During the Summer, I have a few close friends (more like family) that entrust me with the responsibility of watching their kids. My oldest is 12, so she’s basically staff at this point and the others range from 2-10. On a full day (with at least 3 adults present), I’ve had 8 smalls. I’ve gotta tell you, having a classroom of 20 for a few hours in Sunday School is a whole lot different then having that many kids for two meals, two snacks and an entire day.
For anyone who has multiple children during the Summer months, I have found that creating a daily schedule and weekly menu helps tremendously in organizing what could potentially be chaos. All school age children have some sort of Summer Reading or Summer Homework that needs to be done so that should have a designated time. I have also found that listing “snack time” in-between meals prevents you being asked for a snack fifty thousand times. Recess, free time, arts & crafts also help take up some time slots. For my smalls, I’ve had all of them in Sunday School previously, so in my schedule we have a bible lesson also worked in.
For the little ones who can’t read yet or don’t have Summer Homework, I found a bunch of free learning apps on the for my I-Pad which I use with the little ones during this time and I also give the bigger kids reading credit if they choose to read a book to a smaller child. This helps the little ones learn to sit still which may not seem that important but it will be important when they start pre-school. Kids also learn from each other so don’t underestimate the impact of a bigger kid reading to a little one, most of them love it. In the back firing sense, I now have a two-year old goddaughter who tells me “sit” so she can read to me, which is mainly her flipping through the pages at top speed and going to get another book. Could be worse.
I know a lot of people don’t like to allow children to help clean up because they have to re-clean what the kids have cleaned. Honestly, that’s how I felt until I realized how much the kids actually enjoy helping so I try to give them tasks at the end of the day so everyone’s helping. For bigger kids? Give them the steam mop, it’s hard to mess up steam mopping unless of course it’s an 8 year old who decides it’s a weapon, then of course you’ll have to ban them from future steam mopping.It happens. I have also learned Lysol Wipes can be used on electronics and Clorox Wipes can not. So if you’re giving a kid a wipe (make sure it’s a child old enough not to eat the wipe), make sure it’s Lysol if they’re cleaning in a room that contains electronic devices. Also as a side note, don’t let them plug in the vacuum in the same room that an Air Conditioner is on or you’ll be taking a trip to the fuse box.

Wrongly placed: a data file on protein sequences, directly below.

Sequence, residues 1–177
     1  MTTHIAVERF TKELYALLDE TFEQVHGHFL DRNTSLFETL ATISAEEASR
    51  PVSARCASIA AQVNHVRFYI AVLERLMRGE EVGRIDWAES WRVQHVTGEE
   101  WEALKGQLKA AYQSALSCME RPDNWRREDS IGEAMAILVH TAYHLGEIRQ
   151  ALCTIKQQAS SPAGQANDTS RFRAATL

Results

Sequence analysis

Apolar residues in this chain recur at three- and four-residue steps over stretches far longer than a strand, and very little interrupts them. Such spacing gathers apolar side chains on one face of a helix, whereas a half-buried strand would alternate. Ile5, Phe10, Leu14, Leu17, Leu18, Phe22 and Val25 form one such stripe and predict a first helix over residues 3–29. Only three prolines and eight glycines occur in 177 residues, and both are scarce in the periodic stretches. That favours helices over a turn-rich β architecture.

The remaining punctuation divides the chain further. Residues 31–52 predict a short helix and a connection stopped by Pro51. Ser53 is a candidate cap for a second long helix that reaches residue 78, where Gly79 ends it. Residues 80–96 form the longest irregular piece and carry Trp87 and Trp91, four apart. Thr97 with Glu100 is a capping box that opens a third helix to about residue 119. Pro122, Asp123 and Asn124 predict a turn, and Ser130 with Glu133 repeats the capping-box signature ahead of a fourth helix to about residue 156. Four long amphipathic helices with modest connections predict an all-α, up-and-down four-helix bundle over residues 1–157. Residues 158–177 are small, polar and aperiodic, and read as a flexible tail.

Rewards are also helpful. Kids love having something to earn or look forward to. I build in recess time because they have it at school and I have found it helpful to follow their regular pattern. I do Popsicle at the end of the day after clean up and I try to do a fun lunch on Friday (i.e. Pizza) if we have good behavior all week. Pizza can be expensive so things I’ve found helpful in that department is the party size pizza which is normally $20 and feeds at least ten people, Little Caesar’s has a $5 large pizza special (I have two kids with a milk allergy, but Little Caesar’s will make a sauce only and you can pay the extra dollar for meat), or you can do pizza bagels yourself.
I certainly don’t have all the answers folks, but the little I’ve included above has really helped me manage a lot of kids at once without loosing my mind. Hope it helps, feel free to comment below!
Since we’re at the start of a new school year, I wanted to share with you a piece of information that is a great way for anybody to get involved and support the schools in our communities! Stop & Shop stores (primarily located in Connecticut, Massachusetts, and Rhode Island) offer an A+ School Rewards program and it’s open to all schools.
It doesn’t cost you anything, all you have to do is go online to http://www.stopandshop.com/aplus and register your rewards card to the school of your choice. Even if you don’t have school age children, you can still support the school of your choice and hopefully will consider supporting a school in a district where there may be less participants. All schools have faced major blows to their budgets and every time you use your card to do regular grocery shopping, you earn points that Stop and Shop turns into cash for our schools. Schools can use the cash to buy anything that they need (i.e. computers, books, art supplies, gym supplies, etc.). This is a very simple way to make a huge difference in the schools in our communities! Don’t just keep this information for yourself, encourage friends, family members, churches, and other local organizations to get involved!
If you don’t have a Stop and Shop in your State, but know of another grocery retailer that is offering a similar program, email us at firstname.lastname@example.org with all the details and we will blog it at no charge!
If there is something great going on to empower your community (regardless of Country or State) email us the details & we’ll share it at no charge!